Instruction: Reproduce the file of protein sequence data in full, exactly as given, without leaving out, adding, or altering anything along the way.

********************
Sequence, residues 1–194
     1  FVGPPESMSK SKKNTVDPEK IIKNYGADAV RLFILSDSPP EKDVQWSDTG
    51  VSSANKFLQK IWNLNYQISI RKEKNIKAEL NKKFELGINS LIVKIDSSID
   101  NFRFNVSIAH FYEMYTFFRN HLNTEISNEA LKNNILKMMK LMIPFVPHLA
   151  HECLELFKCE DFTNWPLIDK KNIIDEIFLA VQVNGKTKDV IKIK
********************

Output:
Sequence, residues 1–194
     1  FVGPPESMSK SKKNTVDPEK IIKNYGADAV RLFILSDSPP EKDVQWSDTG
    51  VSSANKFLQK IWNLNYQISI RKEKNIKAEL NKKFELGINS LIVKIDSSID
   101  NFRFNVSIAH FYEMYTFFRN HLNTEISNEA LKNNILKMMK LMIPFVPHLA
   151  HECLELFKCE DFTNWPLIDK KNIIDEIFLA VQVNGKTKDV IKIK